There's an old proverb that says that "it takes a whole village to raise a child." As it has been just over a week since we've had two foster children placed into our home, we have felt this proverb very keenly in our lives, and are filled with such gratitude that it is difficult to express.
The natural order of things is to have one child introduced into a home as a baby, and for the family to adapt to that introduction slowly and steadily. In our case, as our family suddenly expanded from 3 to 5 children, we now do have a baby in the house, and we also have a toddler. However, the baby is the least of our concerns. Aside from the fact that she was born premature and has to be treated very lightly and fed extremely regularly, we do consider ourselves experienced parents and aren't intimidated by the demands of her care and maintenance.
The toddler, on the other hand, represents a larger challenge. We do not know any of the minutiae of his rearing, so we don't know anything about his likes or dislikes. His culinary tastes are a mystery, his darkest fears even more so. We don't understand what makes him angry or why he gets sad. We don't know what he is trying to say or why he tries to say it. Truly he is a puzzle we are trying to put together, and we can't even see the pieces.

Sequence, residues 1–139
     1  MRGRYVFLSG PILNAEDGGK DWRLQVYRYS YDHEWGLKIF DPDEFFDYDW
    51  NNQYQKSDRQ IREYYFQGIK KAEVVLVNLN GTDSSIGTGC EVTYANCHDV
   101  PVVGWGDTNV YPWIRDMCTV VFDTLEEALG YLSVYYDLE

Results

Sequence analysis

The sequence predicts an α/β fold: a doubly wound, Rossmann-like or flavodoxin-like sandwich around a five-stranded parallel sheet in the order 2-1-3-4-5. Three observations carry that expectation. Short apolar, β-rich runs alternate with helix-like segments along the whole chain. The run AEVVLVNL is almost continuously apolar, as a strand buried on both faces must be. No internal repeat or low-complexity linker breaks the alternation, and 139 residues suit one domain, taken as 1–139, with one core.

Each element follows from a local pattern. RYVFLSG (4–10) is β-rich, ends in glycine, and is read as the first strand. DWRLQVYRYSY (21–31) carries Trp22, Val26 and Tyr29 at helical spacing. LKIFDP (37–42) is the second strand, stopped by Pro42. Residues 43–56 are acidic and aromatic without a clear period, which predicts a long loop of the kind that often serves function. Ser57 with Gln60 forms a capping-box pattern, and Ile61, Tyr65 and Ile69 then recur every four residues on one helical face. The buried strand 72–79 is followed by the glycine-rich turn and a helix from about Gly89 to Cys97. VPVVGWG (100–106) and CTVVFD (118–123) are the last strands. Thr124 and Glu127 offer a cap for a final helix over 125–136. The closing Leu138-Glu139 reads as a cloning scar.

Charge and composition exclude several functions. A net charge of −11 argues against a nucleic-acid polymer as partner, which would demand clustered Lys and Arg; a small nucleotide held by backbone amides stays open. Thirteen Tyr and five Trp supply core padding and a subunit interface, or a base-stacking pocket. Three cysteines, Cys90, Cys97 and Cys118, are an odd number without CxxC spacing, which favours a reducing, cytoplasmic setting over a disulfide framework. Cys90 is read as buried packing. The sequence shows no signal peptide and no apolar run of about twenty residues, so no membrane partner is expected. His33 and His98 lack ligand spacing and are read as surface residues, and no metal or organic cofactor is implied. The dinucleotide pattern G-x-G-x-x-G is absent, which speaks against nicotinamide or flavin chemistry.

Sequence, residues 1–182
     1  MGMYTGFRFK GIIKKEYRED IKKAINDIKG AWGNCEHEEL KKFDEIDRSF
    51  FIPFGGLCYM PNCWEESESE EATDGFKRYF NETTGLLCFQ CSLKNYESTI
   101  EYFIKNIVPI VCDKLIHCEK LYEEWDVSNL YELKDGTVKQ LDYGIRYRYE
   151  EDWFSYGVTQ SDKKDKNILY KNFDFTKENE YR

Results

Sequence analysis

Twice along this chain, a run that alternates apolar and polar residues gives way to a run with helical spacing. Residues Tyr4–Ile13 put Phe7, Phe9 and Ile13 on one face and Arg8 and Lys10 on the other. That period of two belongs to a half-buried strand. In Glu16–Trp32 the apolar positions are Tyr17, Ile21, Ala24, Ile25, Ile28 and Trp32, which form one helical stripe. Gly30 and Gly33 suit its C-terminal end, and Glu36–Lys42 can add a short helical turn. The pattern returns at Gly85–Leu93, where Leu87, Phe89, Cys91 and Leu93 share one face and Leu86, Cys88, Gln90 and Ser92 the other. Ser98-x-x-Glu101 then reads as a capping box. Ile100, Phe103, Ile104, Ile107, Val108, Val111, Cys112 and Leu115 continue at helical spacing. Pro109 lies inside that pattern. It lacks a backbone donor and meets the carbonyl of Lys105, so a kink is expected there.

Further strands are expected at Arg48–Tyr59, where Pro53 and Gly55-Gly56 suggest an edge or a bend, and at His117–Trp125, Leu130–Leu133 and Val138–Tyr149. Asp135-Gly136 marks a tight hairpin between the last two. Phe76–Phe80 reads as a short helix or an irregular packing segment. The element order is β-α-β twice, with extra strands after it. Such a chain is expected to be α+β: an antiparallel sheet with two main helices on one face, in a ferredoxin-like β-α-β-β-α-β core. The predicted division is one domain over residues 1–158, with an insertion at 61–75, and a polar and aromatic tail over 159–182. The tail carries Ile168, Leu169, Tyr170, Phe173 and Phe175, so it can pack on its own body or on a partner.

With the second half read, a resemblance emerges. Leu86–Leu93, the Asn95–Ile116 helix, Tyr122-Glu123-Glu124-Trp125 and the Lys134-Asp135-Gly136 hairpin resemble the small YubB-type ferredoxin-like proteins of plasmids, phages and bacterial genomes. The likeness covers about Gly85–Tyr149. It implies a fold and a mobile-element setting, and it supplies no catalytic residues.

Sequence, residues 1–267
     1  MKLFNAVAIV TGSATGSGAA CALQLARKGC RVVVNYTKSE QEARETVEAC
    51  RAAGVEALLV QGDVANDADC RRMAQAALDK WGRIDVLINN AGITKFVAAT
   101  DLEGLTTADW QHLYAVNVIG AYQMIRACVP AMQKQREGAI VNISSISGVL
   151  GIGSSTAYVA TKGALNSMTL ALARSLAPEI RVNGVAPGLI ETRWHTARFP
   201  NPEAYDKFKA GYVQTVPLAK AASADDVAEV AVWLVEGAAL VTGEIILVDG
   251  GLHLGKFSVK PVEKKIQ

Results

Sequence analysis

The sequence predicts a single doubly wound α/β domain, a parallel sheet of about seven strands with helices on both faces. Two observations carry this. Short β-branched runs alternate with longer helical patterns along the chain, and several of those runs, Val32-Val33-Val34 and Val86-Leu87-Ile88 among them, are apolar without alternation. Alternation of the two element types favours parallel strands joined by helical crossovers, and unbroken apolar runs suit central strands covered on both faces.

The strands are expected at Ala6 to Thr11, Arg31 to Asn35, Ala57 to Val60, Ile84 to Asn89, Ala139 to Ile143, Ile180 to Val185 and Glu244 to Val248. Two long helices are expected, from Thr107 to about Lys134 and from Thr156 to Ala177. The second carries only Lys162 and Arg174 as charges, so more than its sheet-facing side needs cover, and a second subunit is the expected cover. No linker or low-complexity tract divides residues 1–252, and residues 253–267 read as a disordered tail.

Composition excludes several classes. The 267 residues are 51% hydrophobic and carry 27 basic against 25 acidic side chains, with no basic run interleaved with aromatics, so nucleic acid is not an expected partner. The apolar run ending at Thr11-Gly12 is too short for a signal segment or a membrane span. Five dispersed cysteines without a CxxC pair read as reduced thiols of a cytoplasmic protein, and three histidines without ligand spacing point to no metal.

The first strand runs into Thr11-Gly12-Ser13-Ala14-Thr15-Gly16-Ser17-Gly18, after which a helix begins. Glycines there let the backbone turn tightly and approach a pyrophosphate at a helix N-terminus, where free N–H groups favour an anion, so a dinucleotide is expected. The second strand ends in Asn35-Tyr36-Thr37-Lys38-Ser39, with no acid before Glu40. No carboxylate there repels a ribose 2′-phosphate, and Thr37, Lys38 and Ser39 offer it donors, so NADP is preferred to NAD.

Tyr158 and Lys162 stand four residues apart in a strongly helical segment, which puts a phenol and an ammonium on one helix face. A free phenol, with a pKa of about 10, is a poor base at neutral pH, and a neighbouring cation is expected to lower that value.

Yet through it all, we have received nothing but kindness from the people around us. People from our ward, other friends, and our neighbors have been extraordinarily generous. We have had lent to us or given to us clothing, furniture, toys, and other paraphernalia to help get us started. So many have brought wonderful meals to us to ease us through this transition.
We feel so very, very grateful for all of this charity. We're not used to being on the receiving end of this kind of service, and are astounded by how kind and loving people have been to us. We could manage all this change to our family all by ourselves -- we have the know-how and the resources to do so -- but we are humbled to realize that so many great friends have surrounded and uplifted us so that we don't have to.
The agency with which we're working has all sorts of support groups available for people who are doing what we're doing, but we feel today that we don't need all that ... we already have our support group! All these great people who have been here every day to wish us well and to encourage us when we're down really are more than just a group of friends -- they are our village and, indeed, our family.
Thank you, all!
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